Feature Academic Authorship

How I was nearly duped into “authoring” a fake paper

BMJ 2015; 351 doi: https://doi.org/10.1136/bmj.h6605 (Published 08 December 2015) Cite this as: BMJ 2015;351:h6605
  1. Per Aspenberg, professor of orthopaedics, Linköping University, Sweden
  1. per.aspenberg{at}liu.se

Academics need to beware of the dangers of flattery, says Per Aspenberg

In February 2015, I was invited to join an academic working group to analyse procedures for increasing bone mass, structure, and strength through “intraosseous interventions.” The group, which included some of the world’s most prominent osteoporosis researchers, was meeting at a luxury hotel in Switzerland as part of the preparations for the world congress on osteoporosis. I was asked to give a presentation on “currently available orthopaedic procedures for bone enhancement.”

The subject puzzled me, because there are no such procedures. But I was flattered by the invitation so rather than decline I spent several days preparing a presentation in which I concluded that prophylactic surgery in osteoporosis was not a good idea.

One week before the meeting I received an email from a professional medical writer, attaching a synopsis for the meeting in which I was said to be positive about prophylactic surgery in uninjured bone and especially to the idea of injecting bone cement into the proximal femur to make it stronger. I was unaware of this cementing concept, looked into it, and found that it has been evaluated only in cadaveric studies. I revised my analysis to include consideration of cement injections, completely ruling them out as too risky in relation to the small possible benefit.

Nine people were listed as participants at the meeting. Six of us would give a presentation, and I was the only one with an orthopaedic background. When I arrived in June at the meeting, three more people were present and introduced themselves as representing a US healthcare company. It was soon clear that this company was developing a product for injecting cement into the proximal femur, with the purpose of preventing fracture. I immediately protested: I had been invited to an academic working group and found myself on an advisory board for an American company. The chair of the meeting said I “didn’t need to be nervous”; the meeting was purely academic. So I gave my presentation. One of the world experts at the meeting presented the company’s cement product using unpublished company data, its representatives filling in the details. There followed a general discussion about the product and its marketing possibilities. The entire meeting lasted less than four hours. Before breaking up, we were informed that all nine of us would be coauthors of a “position paper” that would be drawn up and submitted to an osteoporosis journal, the editor of which had cochaired the meeting.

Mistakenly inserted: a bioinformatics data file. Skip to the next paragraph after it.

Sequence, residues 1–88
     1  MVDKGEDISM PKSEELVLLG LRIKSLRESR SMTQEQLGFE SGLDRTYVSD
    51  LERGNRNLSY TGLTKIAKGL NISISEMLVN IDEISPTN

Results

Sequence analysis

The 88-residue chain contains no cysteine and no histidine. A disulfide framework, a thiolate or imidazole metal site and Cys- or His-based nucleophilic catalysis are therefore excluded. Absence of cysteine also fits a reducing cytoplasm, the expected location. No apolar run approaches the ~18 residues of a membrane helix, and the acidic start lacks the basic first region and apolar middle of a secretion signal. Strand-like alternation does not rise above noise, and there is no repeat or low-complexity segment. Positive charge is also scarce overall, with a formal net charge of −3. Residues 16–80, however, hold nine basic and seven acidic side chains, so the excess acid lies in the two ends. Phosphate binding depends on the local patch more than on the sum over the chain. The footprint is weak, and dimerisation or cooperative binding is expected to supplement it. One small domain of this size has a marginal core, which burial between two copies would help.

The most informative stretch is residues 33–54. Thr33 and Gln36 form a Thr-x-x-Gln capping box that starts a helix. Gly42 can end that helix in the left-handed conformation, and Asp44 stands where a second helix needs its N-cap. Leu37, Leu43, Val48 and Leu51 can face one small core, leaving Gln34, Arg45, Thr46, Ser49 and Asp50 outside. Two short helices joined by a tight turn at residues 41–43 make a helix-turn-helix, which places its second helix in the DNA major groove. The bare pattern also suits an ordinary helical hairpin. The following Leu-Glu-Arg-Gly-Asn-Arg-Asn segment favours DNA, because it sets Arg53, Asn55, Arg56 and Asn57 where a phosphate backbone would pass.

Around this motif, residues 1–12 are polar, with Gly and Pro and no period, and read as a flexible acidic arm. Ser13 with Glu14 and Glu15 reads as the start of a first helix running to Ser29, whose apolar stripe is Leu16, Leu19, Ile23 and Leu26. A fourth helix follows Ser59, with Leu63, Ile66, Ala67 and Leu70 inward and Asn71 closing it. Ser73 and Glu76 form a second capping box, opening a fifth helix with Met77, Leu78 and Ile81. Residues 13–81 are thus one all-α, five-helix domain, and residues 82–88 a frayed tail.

The manuscript

On 20 July the draft “position paper” arrived. The draft misquoted the literature to inflate the need for the American company’s product. It was the only product mentioned and described as “promising.” The points I had made regarding risk versus benefit were not included. I concluded that this “position paper” was commissioned to create a market for the sponsor’s product and I asked to be removed from the author list. My request was accepted, and I was told that I would also be removed from the list of speakers at the world congress.

Lessons learnt

I was flattered by the invitation to Geneva. It’s fun to meet famous people and fly business class, and it could have been tempting to get an “easy paper.” However, I was invited under false premises, which made me angry. If their methods had been more subtle, it could have been difficult to avoid developing loyalties and ties to the group. Such ties are hard to break, and once you’re in, you’re a part of it. One group member expressed concern about the ethics of the whole thing, privately, on the way to the airport. He hadn’t said a word during the entire meeting. I think some others were unhappy too, but as far as I am aware no one else has withdrawn.

Cooperation between academia and industry is often fruitful and fun, and it would be disastrous to cut the ties between them. The solution to the problems I have described may not necessarily be stricter rules. The only way to expose this is for more people to speak out when they experience these things, however embarrassing it is to admit you were nearly drawn in.

Notes

Cite this as: BMJ 2015;351:h6605

Footnotes

  • Feature, doi:10.1136/bmj.h6560
  • Analysis, doi:10.1136/bmj.h3170
  • Competing interests: I have read and understood BMJ policy on declaration of interests and declare shares in AddBio and institutional research support from Eli Lilly and Amgen.

  • Provenance and peer review: Commissioned; not externally peer reviewed.

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